JS

  2. It would be so great to identify the anonymous maintenance mechanic by name. I feel the folks who do all the behind the scenes prep, planting and maintenance in hot weather and cold get almost no recognition for their hard work. There are so many plaques recognizing donors all over the place in the garden, that some amount of visible gratitude for staff would not go amiss. Particularly in this “let them eat cake” era ……

  3. The weird behavior of garlic mustard may have something to do with the presence of the invasive jumping worms (Amynthas spp.) from Asia, which are spreading on the North Shore. These worms change the soil structure and soil chemistry, sequestering nitrate and making the soil more alkaline, changing the composition of the bacterial population, depleting mycrorryzae etc., and their effects on individual plants are mostly unknown (woodland ephemerals will decline as the worms eat the duff layer). Perhaps something in the worm castings repels garlic mustard? Perhaps the earthworms eat their seeds?

    • Hello Martha:

      You are right to be concerned about jumping worms. They can have devastating impacts on the soil and leaf litter. However, as it relates to garlic mustard, we do not have jumping worms, yet, in our woodland. So I do not think they are a factor for us. I would also mention that all of the earthworms we have in Northeastern Illinois are exotic species that tremendously disrupt the functioning of our natural ecosystem. We have studied them for a number of years, even when garlic mustard was growing abundantly, seemingly without affect on the mustard. The jumping worms have arrived at the Botanic Garden, but so far they have not spread to our woodland.

      JS

  4. I am so happy for you. I have just a small piece of property on a ravine and struggle with garlic mustard every year.
    To Jane: In your comment about weed whacking, it is my understanding that even if you cut all the flowers off, they will still go to seed. So unless you rake up all the cuttings from the weed-whacking you will still have a problem.

  5. Ellen –

    That’s what I thought too, but here’s a what I got from the Forest Invasive Plants Resource Center:
    (https://www.na.fs.fed.us/spfo/invasiveplants/factsheets/pdf/garlic-mustard.pdf)

    It does say that it is “best” to pick them all up and bag them after cutting. I’m wondering if CBG has ever tried this. I’m curious about whether they really do set seed if you cut them down early enough.

    “Cutting second-year plants close to the ground by hand
    or with a weed whip may be effective, depending on
    timing and weather. Cutting too early in the season
    will result in resprouts, cutting too late will allow the
    seed pods to mature. For best results, cut just as
    flowering begins. Resprouting will be reduced because
    plants will have used up most of their energy reserves
    producing flowers and seedpods. Try to revisit the site
    to look for plants that were missed. Note: Some
    flowering plants are tiny, only a couple of inches tall and easily overlooked. These plants may
    have only one or two flowers, but still will produce a set of seeds!

    After pulling or cutting, it is best to bag and remove all flowering plants. Depending on weather
    conditions, uprooted and cut plants will continue to develop and may set seed, especially later in
    the season as seedpods mature. For small populations, plants can be decapitated and just the
    flowering tops bagged and removed. Garlic mustard should not be composted, because seeds are
    likely to remain viable. Bagged plants can be landfilled, or dried out and burned. In large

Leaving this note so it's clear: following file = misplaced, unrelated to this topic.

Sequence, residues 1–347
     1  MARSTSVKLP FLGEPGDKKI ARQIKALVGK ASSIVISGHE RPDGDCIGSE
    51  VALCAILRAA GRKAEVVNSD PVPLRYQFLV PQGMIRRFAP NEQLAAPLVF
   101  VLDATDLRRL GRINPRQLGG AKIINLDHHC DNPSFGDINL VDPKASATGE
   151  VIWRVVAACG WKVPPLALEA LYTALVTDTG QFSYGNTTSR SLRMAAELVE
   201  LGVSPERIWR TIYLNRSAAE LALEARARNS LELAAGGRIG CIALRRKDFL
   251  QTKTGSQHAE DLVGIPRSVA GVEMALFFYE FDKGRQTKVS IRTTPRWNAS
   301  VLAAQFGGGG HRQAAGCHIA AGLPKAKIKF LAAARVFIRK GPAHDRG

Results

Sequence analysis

patches where removal is not possible, pile stems in the most densely-infested area, where the
    seed bank is already presumed great. This, at least, will prevent another crop of seeds from
    being deposited in the forest. Covering with black plastic will help limit the ripening and spread
    of seed from the pile.

  6. Years ago Jim S. told me it would take 6 to 7 years of pulling to eliminate it. I think it took over 10 years. I have not seen one plant this spring. The bad news is that fields of lesser celedane and dames rocket replaced the mustard.

    Art A.

    • Wendy walcott May 30, 2017 at 2:11 pm

      The key is to introduce or encourage replacement species. At the Schlitz Audubon nature center, we saw woodland goldenrod take over , more each year as we attended to certain areas on our path down the bluff. Jewel weed will also dominate garlic mustard. If given the chance.. disturbed soil will yield weeds forever if replacement is not offered. Wendy Walcott, land manager, SANC, retired.

      • Hi Wendy:

        You introduce an important point. Removing garlic mustard without also providing competition, if none exists is very important. One of the reasons we decided to cut the unripe seed heads in the Reserve is that we had seeded the entire area with native species. It was only after controlling invasives for two years and seeding native species that the garlic mustard seemed to emerge from nowhere. By cutting the unripe seed heads, we did not tear the newly established natives out of the ground or disturb the soil.

        Jim

  7. Does this creative, inventive mechanic have a name?? I suspect if the device had been invented by someone on senior staff, that person’s name would have been stated. This feels very disrespectful to those who do much of the hardest work at the Garden. You can do better.

    • Hello Sandy (and others):

      The “garlic-mustard-harvesting scythe” was an idea of mine that I thought would be useful for tackling the garlic mustard in our woodlands, particularly the Barbara Brown Nature Reserve. Riley Obenchain, one of the Garden’s talented mechanics, helped me bring this idea to life. I have collaborated with Riley on a number of projects over the years. I’ll come-up with an idea for a tool that could help us better manage our natural areas, and then bring Riley that concept along with some bits and pieces of material. Using Riley’s sharp mechanical mind along with additional materials that he might dig up from his shop, together we create a new and useful tool.

  8. Carolyn Pearson May 31, 2017 at 8:15 am

    Jim, What an amazing story of 20 years of tenacity, perseverance and ingenuity. Nightmare indeed! I live next to undeveloped park district property and will have to quit whining now about the comparatively few unwanted specimens I find in my yard and garden each year. (As an aside, your mustard seed quote was familiar but recognized from a different earlier source – Matthew 17:20). What a inspirational saga! Well done.

Leave a Reply

Text formatting is available via select HTML. <a href="" title=""> <abbr title=""> <acronym title=""> <b> <blockquote cite=""> <cite> <code> <del datetime=""> <em> <i> <q cite=""> <s> <strike> <strong>

*